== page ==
Now that we’ve been here for a few months and are more comfortable with getting around, I was Jones-ing for my own car to zip around town.
Of course, Theo and I made a sport out of looking. Test driving proved to be so easy here in France that we took everything for a drive! They simply give you the keys and let you go. SO nice to not be pressured and have some pushy salesman in the back seat!
We tested the Peugeot 208, Ford Fiesta, MINI Cooper, Seat Ibiza, Mazda 2, Citroen C3, Audi A1, Renault Clio, Dacia Sandero, Toyota Yaris, and VW Polo. Needless to say, this took a few weeks, limiting ourselves to 1 to 2 dealers per day, no more than twice per week. Of course, here in France, EVERYTHING is closed between 12 and 2, so unless you hit the road fairly early (not in our nature), the shopping window is small if you want to be home before dark.
In the end, we really liked the Ford Fiesta and the Citroën C3. But after second test-drives, I really preferred the Citroën. It was extremely soft riding and quiet for such a small car and rode a bit higher than the others, providing great visibility. And truthfully, after our ‘second sitting,’ we realized our large American frames simply aren’t comfortable in many of the superminis’ seats, hitting us mid-thigh and squeezing our ample back meat! Ha!
Manufacturers have amazing incentives right now and we were tempted to just order a new one (dealers here do not stock cars for the most part), but in the end I found a great used one. Once I decided on the Citroën, I searched through hundreds of listings on France’s version of Craig’s List and found a November 2014 car with automatic transmission (very rare in Europe) and only 10,000 kilometers (6,200 miles) on it! The fact that it was loaded with about every option you could order was icing on the cake. It has a huge panoramic windshield, the onboard computer screen was the larger ‘2015’ size, and it came with automatic lights, windows, wipers, parking assist and rear camera!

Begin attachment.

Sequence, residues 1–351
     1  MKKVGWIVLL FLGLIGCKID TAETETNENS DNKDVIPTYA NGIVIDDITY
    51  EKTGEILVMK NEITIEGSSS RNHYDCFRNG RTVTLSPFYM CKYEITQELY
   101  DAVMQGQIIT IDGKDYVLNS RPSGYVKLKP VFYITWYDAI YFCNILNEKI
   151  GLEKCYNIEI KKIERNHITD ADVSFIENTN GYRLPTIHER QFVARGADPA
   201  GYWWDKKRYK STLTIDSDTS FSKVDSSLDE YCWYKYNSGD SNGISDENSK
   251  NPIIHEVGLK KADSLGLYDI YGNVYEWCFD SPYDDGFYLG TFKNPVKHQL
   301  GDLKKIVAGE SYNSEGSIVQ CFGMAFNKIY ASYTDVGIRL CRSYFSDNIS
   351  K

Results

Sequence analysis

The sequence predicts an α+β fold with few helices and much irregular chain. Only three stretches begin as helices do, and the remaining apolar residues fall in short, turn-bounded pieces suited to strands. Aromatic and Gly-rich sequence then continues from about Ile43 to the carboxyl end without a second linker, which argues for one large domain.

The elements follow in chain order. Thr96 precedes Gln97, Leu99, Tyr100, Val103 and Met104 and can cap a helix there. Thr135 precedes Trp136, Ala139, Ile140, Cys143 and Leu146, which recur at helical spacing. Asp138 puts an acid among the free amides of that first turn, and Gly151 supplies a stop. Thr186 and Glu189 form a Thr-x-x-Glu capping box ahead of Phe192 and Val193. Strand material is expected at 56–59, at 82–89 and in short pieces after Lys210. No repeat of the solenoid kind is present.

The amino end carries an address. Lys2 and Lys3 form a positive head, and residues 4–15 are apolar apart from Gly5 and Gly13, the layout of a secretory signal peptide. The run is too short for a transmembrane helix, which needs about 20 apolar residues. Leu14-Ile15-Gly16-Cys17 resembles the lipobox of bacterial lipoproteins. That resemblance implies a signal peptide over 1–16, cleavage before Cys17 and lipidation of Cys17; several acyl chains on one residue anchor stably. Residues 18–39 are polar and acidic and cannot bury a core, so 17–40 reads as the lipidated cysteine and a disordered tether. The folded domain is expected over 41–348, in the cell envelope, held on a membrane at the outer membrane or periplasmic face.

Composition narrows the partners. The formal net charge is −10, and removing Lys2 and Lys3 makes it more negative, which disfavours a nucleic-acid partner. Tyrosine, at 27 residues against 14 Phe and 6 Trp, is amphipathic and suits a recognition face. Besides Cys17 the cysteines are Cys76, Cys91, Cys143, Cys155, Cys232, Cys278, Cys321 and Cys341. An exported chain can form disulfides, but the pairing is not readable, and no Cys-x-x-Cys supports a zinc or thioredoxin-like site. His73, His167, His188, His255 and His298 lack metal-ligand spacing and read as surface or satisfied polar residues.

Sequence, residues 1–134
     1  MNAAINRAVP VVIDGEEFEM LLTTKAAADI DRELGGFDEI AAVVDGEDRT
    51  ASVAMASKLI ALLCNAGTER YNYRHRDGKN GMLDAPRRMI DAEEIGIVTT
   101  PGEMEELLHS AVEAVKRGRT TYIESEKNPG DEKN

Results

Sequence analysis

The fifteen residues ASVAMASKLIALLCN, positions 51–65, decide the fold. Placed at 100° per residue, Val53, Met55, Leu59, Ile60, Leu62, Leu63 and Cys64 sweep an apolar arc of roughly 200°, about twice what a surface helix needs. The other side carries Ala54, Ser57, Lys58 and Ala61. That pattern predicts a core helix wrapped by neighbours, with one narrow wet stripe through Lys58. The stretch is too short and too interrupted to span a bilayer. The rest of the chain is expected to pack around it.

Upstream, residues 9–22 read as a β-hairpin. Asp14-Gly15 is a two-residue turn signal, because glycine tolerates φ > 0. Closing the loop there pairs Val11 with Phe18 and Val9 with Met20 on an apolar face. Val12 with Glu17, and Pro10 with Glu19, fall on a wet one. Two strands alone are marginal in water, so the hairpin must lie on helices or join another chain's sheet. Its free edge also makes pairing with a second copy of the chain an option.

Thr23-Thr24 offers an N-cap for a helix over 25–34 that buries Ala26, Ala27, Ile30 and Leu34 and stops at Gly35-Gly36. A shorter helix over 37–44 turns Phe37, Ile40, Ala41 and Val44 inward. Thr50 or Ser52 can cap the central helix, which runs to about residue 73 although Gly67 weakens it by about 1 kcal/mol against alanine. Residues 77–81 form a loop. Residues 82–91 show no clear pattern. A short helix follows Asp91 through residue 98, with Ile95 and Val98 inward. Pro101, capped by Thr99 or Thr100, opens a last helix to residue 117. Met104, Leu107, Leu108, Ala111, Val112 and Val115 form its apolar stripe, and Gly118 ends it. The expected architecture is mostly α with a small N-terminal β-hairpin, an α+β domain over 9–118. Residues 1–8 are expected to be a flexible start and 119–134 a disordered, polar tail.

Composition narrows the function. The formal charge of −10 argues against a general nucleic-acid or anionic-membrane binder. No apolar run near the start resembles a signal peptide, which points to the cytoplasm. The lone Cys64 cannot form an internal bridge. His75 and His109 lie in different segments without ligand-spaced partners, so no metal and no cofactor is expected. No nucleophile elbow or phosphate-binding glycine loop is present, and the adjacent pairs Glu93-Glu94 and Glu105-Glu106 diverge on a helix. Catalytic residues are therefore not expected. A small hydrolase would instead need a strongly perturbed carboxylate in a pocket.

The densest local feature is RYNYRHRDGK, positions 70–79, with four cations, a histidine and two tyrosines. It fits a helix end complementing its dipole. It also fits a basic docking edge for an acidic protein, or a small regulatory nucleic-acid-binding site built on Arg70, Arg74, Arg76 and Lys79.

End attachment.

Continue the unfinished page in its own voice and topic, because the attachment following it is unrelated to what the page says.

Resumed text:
In the end, we have a car that still smells new (that’s important, right???) and it’s white (that’s important, right???) and I have a happy husband that didn’t have to experience the instant depreciation of buying a new car (we all KNOW that’s important). Well, truth be told, I have my eye on a very expensive French range for the new kitchen, so I’m trying to save wherever I can to stock up cash for my splurge!!!
If you’re reading this blog and are looking for guidance on how the system works here in France, here are some words of wisdom that we had to dig up the old fashioned way. Know that cash transactions here in France are limited to €1,000, so paying for a car must be made by a certified bank check. Oh, did I mention that prices are not negotiable? Secondly, you must have proof of insurance to drive the car away. The dealer will need your passport, proof of insurance, and proof of ‘residency’ (our rental contract and mobile bill were good enough) to prepare your new Carte Grise or registration. We emailed all of this to the dealer before heading to the coast almost three hours away where I found the car. This was the smoothest and quickest car buying transaction I’ve ever had. They had everything ready for us—I took a little spin in the actual car, looked it over good, we signed, got a few instructions on how things worked, and off we went.
For you car nerds out there, it has a 1.2 liter PureTech 82 engine with 81 horsepower from it’s three cylinder engine. It’s purported to get 63 miles per gallon. I don’t drive like a race driver, so it’s absolutely perfect for me, although it scared Theo with all of it’s get-up-and-go the first time he drove it!
Now I have the freedom to explore brocantes without dragging poor Theo along. If only I was so confident about my French!!!